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  • The Special Period’s New Hombre Nuevo and the Collapse of Anti-Capitalist Space: Achy Obejas’s Ruins
  • Gabriel Ignacio Barreneche

Achy Obejas’s 2009 novel Ruins was published in the same year as the 50th anniversary of the triumph of the Cuban Revolution and at a time when, either by necessity or by choice, Cuba seemed to teeter ever closer to embarking on significant economic reform. With the election of Barack Obama as president of the United States in 2008 and the transfer of power from Fidel Castro to his brother Raúl in 2006, Cuba appeared poised for a transition to a free market system that had begun as a consequence of the entrepreneurial spirit unchained during the “Special Period,” heightened by both the slight loosening of state control of the economy and the influence of remittances and family visits by the Cuban diaspora. Much as Guillermo Cabrera Infante’s 1965 novel Tres tristes tigres describes a world that is about to end, namely pre-revolutionary late 1950s Havana nightlife, Obejas’s Ruins captures the spirit and malaise of Havana in the early ‘90s at a moment when the social achievements of the Revolution are called into question by the everyday economic hardships faced by the Cuban people. Written years after the Special Period, Ruins documents this time of transition when larger changes could be on the horizon.

Set in Havana during the grim times of the Special Period, Ruins captures the desperation and creativity of the protagonist ideologue, Usnavy, named by his Cuban mother after the U.S. Navy warships coming and going from the nearby base. Usnavy tries desperately to keep his family and home in La Habana Vieja from literally and figuratively falling to pieces under the strain of economic hardship and urban decay. With the discovery of a priceless pre-revolutionary Tiffany chandelier in his home and numerous, valuable lamps in the ruins of crumbling buildings in his neighborhood, Usnavy finds a way to put food on the table by participating in Havana’s black market and improvised, [End Page 15] informal economy. By going outside of the Revolutionary system for which he had toiled for decades, Usnavy compromises his ideals and adopts capitalist behaviors in order to survive.

The ideological shift experienced by the novel’s protagonist reflects the sporadic and uneven reintegration of Cuba into the world capitalistic system in the final years of the Castro regimes. Unlike Fidel Castro’s decades of strict adherence to an anti-capitalistic economic model, his successor and brother, Raúl, has accelerated the pace of market reform and the opening of the Cuban economic system to both foreign investment and local entrepreneurship. Cuba’s nascent capitalist spirit has caught the attention of the rest of the neoliberal world, as seen by the publication of a special issue of the magazine The Economist in 2012, analyzing the recent economic, social, and political changes on the island. When looking at the totality of Cuba’s economic history, however, one can consider Cuba’s recent reintegration into the global economic system to be both a return to previous models of economic dependency, as well as a first step in following the lead of the rest of Latin America in the embracing of neoliberal economic policy.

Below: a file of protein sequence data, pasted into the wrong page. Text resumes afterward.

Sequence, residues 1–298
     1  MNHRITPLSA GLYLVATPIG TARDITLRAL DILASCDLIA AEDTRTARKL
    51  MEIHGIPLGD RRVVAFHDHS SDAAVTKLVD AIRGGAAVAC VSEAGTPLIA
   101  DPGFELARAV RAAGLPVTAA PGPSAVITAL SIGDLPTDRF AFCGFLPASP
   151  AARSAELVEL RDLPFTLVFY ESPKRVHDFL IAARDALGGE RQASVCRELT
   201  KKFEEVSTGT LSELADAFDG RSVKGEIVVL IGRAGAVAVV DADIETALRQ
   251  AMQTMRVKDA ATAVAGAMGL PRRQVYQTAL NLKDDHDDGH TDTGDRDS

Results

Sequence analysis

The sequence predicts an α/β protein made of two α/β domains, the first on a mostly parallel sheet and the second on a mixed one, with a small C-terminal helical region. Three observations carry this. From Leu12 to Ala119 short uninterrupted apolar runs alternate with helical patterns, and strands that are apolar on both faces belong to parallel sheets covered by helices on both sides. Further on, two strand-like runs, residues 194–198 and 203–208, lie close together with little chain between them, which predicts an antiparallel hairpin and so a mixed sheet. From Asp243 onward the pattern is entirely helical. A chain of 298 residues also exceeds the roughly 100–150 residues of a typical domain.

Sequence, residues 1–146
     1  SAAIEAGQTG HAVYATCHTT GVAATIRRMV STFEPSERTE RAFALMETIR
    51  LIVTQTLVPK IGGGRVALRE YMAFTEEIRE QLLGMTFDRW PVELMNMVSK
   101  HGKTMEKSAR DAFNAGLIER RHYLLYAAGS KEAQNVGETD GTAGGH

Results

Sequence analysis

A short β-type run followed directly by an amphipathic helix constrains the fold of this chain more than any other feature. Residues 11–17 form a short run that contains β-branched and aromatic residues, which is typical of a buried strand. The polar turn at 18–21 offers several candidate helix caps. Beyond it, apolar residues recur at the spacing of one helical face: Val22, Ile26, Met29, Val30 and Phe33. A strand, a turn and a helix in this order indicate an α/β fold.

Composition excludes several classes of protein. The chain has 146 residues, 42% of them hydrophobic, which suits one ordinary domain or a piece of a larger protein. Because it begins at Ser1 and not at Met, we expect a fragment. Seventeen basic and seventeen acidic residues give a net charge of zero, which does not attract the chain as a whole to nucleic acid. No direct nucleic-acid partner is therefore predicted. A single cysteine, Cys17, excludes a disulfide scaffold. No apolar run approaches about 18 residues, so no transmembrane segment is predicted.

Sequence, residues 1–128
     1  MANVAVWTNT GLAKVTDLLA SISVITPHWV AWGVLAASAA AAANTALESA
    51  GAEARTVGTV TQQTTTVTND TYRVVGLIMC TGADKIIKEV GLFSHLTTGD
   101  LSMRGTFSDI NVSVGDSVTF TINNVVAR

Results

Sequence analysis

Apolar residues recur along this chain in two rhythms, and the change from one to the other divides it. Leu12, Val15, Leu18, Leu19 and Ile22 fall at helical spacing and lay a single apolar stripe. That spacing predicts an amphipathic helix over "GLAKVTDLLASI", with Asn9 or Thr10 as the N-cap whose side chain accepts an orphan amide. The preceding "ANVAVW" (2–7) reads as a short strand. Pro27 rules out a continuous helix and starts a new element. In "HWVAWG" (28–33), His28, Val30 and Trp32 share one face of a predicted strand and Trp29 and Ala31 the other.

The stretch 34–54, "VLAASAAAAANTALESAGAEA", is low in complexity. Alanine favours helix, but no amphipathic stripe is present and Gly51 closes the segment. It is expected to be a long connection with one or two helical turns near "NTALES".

Through a close reading of Obejas’s Ruins, this paper will examine the conflict within Usnavy that pits his socialist ideals against a capitalist pragmatism that engages the neoliberal economic model. Through the protagonist, Obejas illustrates both the contradictions of everyday Cubans struggling in a period of transition and change, and the ideological compromises that supporters of the Revolution must make in order to survive. The resulting friction that Usnavy experiences within himself and with family and friends demonstrates a reluctant transformation from an “hombre nuevo” of the Revolution to a capitalist scavenger searching for a way to transcend material hardship among the rubble of a lost era.

With its focus on the economic struggles of everyday habaneros, Obejas’s Ruins represents a departure from the themes more widely examined in her previous works. For example, her most notable work to date, the novel Memory Mambo (1996), and her collection of stories...


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pp. 15-22
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